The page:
Figure 6a presents the spectral evolution of the computed ΔSTOT together with the experimentally and theoretically obtained CD spectra computed by using absorption. We performed the electromagnetic multipole decomposition study specifically for longer tilted column length dTOT = 187 nm (θs = 54o, and β = 38o) to investigate the potential existence of higher order chiral resonance mode in the scattering dichroism. The obtained results follow the same trend with a single broadband resonance dip around ≈ 2.62 eV. The discrepancy between ΔSTOT and CD spectra is attributed to the different unit cells used for the total scattering cross-section and absorptance calculations (further details provided in the Methods Section). By decomposing the ΔSTOT, we can identify the contribution of each electric/magnetic multipole with results shown in Fig. 6b, c, f, and g, where Fig. 6b and f are electric and Fig. 6c and g are magnetic dipole and quadrupole computed modes, respectively. The main contribution to the scattering dichroism comes from combining both electric and magnetic dipole responses in this long nanopillar configuration. However, we also have non-zero but much weaker chirality contributions from the electric and magnetic quadrupoles at higher energy parts of the spectra (>3 eV). While the contributions of both quadrupole modes are negligible compared to the dipole modes on the major dip in CD response, the small positive chirality in higher frequencies is mainly governed by these higher-order modes. Hence, it can be concluded that the chiral response emergence is mainly due to the electric and magnetic dipole scattering responses of the presented L-shaped metamaterials.

Fig. 6: Decomposition of total scattering dichroism into electric/magnetic multipoles.
figure 6

a Experimentally measured (red triangles) circular dichroism (CDExp) spectrum plotted together with theoretically computed spectra of both CDTh (red circles) and total scattering dichroism (blue circles, ΔSTOT, Th). The CDExp spectra is multiplied by 10 to better match the stronger CDTh amplitude. The vertical blue dotted lines indicate the minimum value in the STOT,Th spectrum. b Electric and c magnetic dipole contributions to the L-shaped metamaterial chirality response. f Electric and g magnetic quadrupole contributions of the same L-shaped metamaterial. The vertical blue dotted lines in b, c, f, and g indicate the minimum values of ΔSED, ΔSEQ, ΔSMD, and ΔSMQ, respectively, which always coincide at the same spectrum point. d 2D far field electric radiation profiles obtained from the interaction of left (magenta) and right (green) circularly polarized light with the L-shaped metamaterial unit cell. e 3D surface z-component electric field distribution as the incident light is left (top) or right (bottom) circular polarized.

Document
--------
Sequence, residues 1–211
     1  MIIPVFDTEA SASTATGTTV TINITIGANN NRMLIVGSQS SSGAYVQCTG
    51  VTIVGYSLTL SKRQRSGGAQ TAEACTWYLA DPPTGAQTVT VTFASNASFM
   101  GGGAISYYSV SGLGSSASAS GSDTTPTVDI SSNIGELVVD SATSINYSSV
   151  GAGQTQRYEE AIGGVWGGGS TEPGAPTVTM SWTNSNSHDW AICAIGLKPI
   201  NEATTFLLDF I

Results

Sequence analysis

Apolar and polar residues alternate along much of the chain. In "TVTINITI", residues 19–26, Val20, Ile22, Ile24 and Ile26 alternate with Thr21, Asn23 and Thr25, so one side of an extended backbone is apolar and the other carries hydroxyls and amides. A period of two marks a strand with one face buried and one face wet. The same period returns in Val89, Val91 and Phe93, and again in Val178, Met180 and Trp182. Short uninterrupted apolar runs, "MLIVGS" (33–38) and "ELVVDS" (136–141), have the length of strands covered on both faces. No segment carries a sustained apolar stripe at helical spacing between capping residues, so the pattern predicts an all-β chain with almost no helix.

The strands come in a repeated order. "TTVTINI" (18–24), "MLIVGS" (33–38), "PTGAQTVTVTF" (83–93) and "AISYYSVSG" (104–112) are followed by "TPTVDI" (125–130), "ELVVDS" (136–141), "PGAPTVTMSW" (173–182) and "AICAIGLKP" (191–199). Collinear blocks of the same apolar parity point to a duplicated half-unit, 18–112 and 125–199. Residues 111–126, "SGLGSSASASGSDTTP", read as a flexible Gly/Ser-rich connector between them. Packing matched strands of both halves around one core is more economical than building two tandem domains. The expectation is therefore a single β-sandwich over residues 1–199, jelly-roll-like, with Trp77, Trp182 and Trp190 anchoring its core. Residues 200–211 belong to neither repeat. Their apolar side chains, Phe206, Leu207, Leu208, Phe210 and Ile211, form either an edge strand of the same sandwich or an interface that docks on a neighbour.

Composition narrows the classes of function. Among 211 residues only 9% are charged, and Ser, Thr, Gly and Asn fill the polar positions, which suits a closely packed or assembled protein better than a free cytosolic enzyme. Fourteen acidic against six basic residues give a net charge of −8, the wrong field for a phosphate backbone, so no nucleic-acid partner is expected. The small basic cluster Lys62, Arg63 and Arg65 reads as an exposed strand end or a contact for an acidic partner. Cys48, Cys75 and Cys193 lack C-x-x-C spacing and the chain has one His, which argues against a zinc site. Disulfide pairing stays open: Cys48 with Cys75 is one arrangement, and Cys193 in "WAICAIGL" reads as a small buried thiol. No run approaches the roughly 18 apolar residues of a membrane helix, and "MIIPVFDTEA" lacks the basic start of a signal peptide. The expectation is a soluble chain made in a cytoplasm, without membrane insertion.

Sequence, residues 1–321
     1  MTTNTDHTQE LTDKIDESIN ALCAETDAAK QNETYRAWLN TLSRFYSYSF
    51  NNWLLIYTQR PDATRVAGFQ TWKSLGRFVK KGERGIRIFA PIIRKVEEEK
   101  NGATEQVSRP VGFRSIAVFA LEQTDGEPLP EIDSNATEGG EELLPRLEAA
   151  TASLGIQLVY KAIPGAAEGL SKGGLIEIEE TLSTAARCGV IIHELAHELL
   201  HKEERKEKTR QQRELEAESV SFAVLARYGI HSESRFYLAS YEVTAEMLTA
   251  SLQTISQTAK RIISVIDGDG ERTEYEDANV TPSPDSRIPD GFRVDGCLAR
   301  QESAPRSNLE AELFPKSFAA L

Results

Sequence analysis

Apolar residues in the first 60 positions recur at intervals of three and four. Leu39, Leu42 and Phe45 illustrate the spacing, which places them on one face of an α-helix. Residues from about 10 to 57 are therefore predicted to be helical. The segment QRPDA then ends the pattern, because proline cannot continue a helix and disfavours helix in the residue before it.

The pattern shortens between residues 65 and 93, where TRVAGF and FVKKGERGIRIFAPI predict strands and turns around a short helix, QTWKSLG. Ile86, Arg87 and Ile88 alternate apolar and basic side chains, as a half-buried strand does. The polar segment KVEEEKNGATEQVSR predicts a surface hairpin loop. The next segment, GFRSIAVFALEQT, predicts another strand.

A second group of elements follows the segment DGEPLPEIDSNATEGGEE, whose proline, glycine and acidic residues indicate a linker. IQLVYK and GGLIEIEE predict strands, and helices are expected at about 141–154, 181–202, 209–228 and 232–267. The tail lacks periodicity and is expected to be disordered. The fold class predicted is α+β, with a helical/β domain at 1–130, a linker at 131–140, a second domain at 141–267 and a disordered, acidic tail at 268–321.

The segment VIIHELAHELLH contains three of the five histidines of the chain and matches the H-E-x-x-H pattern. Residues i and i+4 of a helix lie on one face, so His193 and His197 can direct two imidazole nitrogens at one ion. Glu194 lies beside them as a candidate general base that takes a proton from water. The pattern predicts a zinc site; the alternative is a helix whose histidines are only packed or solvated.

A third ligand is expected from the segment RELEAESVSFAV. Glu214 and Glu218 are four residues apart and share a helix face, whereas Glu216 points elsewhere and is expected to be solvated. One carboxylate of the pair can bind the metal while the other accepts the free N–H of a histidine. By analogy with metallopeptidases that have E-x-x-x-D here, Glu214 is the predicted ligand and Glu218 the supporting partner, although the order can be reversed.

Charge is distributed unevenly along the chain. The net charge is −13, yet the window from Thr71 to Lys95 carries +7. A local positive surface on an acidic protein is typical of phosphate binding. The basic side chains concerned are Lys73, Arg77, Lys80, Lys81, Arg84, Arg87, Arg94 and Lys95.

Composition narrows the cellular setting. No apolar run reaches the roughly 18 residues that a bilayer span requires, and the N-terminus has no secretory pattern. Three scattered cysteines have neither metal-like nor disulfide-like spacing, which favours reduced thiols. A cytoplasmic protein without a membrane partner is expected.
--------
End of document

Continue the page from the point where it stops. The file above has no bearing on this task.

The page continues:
The far-field electric distribution profiles for both LCP and RCP total scattering are showcased in Fig. 6d computed at the photon energy value of ≈ 2.62 eV, where ΔSTOT has its minimum value. The far-field total scattering patterns exhibit directional and mainly dipolar radiation profiles with the addition of various minor lobes due to the finite unit cell size used in these simulations. The obtained different valued scattering patterns under LCP and RCP excitations can be utilized to produce directional spin-polarized light emission when emitters are embedded in our metamaterial structures59. We also plot in Fig. 6e the corresponding normalized near-field z-component electric distribution over the surface of the L-shaped metamaterial unit cell used in the scattering simulations. The top electric field distribution in Fig. 6e is obtained when the incident wave polarization state is LCP, while the bottom is computed for RCP illumination. These interesting results demonstrate that the chiral scattering response of the L-shaped metamaterial is not only pronounced at the far-field (Fig. 6d), but it also occurs in the nanoscale region of the near-field (Fig. 6e). Finally, further theoretical investigations on the influence of other structural parameters on the strong chiroptical response are presented in Supplementary Material Fig. S6.


Using the emerging bottom-up GLAD fabrication method, we develop large-scale ultrathin L-shaped dielectric metamaterials that can be compatible to on-chip photonic integrated devices. Rigorous theoretical and extensive experimental investigations are performed that clearly reveal the isotropic strong chiroptical response and optical anisotropies of this innovative class of bottom-up tunable metamaterials. The presented metamaterials achieve unprecedented control of chirality in a broadband range covering near-IR to deep UV spectra. Substantial theoretical efforts provide fundamental insights into the experimentally obtained absorption and scattering dichroism, explaining the underlying electromagnetic modes that govern the obtained strong chiral response. The presented 3D nanostructures consist of a uniquely tunable chiral metamaterial platform that can be exploited in a plethora of emerging applications, such as in the design of ultrathin polarization filters60,61 chiral sensors62, and directional chiral emission and lasing63,64,65.


GLAD fabrication process

In all our fabrication efforts, an ultra-high vacuum custom-built GLAD system was utilized. During the deposition of the nanostructures, neither masks nor templates were utilized. Thanks to the high-precision sample stage manipulation arm, one can accurately control the geometry of the fabricated nanostructures during the deposition process. The incoming particle flux impinges on the sample surface under an oblique incident angle and creates randomly distributed islands on the surface that lead to a dynamic and continuous shadowing mechanism. The size and shape of the structure fabricated during the GLAD growth process are governed by the nucleation kinetics and other effects stemming from adatom surface diffusion processes. Thus, GLAD offers a fast, simple, cost-effective, large-scale area, versatile, 3D nanomorphology manufacturing process that is superior compared to other existing nanofabrication techniques.